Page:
Downloading a CSV of all observations of a species with python

I am a master student learning python studying an invasive bee ( Anthidium florentinum) and I would like to download all occurence of one species in America to then use the geographical coordonates of all occurence to draw a map.

I started trying to understand how Pyinaturalist works but I can’t find a simple way to simply download on python the .ZIP containing the CSV of all occurence of Anthidium florentinum like I can do with this link:

This is my “Search query”:

And this is the CSV I want the python script to download:

Do you know which function I could use on Pynaturalist or any other librairie to download this .CSV on my hard-drive?
OR just to use the query " quality_grade=any&identifications=any&place_id=97394&taxon_id=459050&verifiable=true " to produce an array containing all the information?

Thanks :)

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Why not just download all the data you need in advance manually and then import the CSV?

I’m definitely not the best person to answer, but in case someone more knowledgeable doesn’t show up I’ll take a stab at it. Personally, I’ve only looked into using the API as a means of getting data out of iNaturalist for data that can’t be accessed through the web interface at observations/export.

I notice that observations/export is not identified as an API endpoint here or here, nor in the pyinaturalist documentation here. Nor does my naïve attempt to poke the API in a web browser yield anything for observations/export. So the short answer is probably: you can’t do that.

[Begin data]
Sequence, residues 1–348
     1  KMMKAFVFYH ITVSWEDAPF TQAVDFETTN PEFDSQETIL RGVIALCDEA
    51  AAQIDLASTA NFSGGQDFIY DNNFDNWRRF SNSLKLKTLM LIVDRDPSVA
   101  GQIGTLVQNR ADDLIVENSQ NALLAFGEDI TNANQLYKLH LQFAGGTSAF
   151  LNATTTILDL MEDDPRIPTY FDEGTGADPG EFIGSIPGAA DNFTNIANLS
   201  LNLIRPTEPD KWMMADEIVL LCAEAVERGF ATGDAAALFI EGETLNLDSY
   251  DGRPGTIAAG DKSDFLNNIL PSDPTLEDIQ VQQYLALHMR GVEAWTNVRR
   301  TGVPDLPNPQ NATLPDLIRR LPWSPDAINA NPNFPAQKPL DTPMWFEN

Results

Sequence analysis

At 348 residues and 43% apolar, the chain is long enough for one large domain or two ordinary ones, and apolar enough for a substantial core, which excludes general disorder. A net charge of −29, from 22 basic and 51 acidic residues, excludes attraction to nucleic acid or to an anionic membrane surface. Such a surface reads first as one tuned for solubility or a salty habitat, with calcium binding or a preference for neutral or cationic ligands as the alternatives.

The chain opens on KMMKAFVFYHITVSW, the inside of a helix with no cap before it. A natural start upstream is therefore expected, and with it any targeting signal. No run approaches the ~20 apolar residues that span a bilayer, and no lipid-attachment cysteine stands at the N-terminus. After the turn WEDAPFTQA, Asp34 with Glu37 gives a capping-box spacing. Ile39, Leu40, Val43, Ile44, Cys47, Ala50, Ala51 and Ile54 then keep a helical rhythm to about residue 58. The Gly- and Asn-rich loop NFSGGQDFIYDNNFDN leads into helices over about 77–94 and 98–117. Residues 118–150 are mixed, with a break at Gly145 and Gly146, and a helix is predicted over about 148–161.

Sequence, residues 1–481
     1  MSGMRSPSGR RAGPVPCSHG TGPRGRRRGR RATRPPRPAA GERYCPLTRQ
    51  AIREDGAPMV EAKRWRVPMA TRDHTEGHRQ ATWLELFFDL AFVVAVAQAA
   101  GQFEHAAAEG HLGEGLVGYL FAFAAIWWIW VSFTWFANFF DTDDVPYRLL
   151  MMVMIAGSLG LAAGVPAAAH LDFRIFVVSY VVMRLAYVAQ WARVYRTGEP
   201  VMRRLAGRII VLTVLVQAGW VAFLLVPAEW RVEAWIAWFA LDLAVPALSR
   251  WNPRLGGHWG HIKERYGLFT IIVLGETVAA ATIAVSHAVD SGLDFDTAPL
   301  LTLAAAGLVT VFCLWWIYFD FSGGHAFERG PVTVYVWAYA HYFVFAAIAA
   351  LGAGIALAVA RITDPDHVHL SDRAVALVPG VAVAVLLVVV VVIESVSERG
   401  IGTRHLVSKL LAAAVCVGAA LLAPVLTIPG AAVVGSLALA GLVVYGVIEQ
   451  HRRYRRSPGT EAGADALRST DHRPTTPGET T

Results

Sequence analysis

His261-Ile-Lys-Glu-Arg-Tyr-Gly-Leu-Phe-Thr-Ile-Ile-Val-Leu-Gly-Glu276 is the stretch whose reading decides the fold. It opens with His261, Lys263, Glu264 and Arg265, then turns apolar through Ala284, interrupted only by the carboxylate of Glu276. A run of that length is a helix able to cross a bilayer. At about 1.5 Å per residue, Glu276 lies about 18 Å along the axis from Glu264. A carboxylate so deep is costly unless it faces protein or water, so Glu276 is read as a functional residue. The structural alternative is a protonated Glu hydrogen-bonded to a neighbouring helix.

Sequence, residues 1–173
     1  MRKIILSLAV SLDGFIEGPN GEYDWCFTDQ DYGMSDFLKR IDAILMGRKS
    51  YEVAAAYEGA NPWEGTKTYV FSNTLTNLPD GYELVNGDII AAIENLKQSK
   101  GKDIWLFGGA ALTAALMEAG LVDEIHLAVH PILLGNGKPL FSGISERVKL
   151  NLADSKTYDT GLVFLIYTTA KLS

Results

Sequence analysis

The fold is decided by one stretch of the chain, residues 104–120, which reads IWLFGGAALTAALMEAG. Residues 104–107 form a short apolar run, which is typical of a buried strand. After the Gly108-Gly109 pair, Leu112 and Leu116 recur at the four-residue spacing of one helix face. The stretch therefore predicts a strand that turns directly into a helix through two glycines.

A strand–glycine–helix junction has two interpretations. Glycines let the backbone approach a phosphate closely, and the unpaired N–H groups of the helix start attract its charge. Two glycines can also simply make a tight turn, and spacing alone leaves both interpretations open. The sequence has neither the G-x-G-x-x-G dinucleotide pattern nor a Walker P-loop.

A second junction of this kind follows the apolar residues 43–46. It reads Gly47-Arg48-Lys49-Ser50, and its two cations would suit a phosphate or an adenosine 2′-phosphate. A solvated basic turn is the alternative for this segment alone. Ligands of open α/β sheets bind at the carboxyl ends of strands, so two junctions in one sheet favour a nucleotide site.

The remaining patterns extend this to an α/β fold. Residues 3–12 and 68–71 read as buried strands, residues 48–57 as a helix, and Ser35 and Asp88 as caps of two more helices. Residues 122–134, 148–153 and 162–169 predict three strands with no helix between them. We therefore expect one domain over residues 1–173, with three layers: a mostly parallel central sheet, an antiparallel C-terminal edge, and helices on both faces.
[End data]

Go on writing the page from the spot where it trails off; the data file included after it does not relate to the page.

You could presumably end up at the result you want–a csv with that formatting and information–by some data wrangling with the output from pyinaturalist’s get_observations(). I don’t have any useful advice here except that if you were to go down this route, I think you will probably wish you hadn’t.

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I don’t know how to help with that package (sorry!) but just a related point:
If you’re planning to use iNat data for a publication of some sort, the preferred route of access is through GBIF which will give you a citeable doi for the dataset.

Sometimes this isn’t an option if the dataset that you want contains records that aren’t on GBIF (like casual observations, which it looks like you may be wanting), but thought it worth a mention.


Because it needs to me automatized and updated every time there’s a new observation.
I’m building a script which is supposed to work with every invasive species.
It’s for a geomatic automatization class.

Thank you very much, I will look into this!
I was going for only research grade so you may have gave me a very useful tip!

Thanks a lot for your input.
You’re confirming that there’s no simple function to extract a .CSV I missed out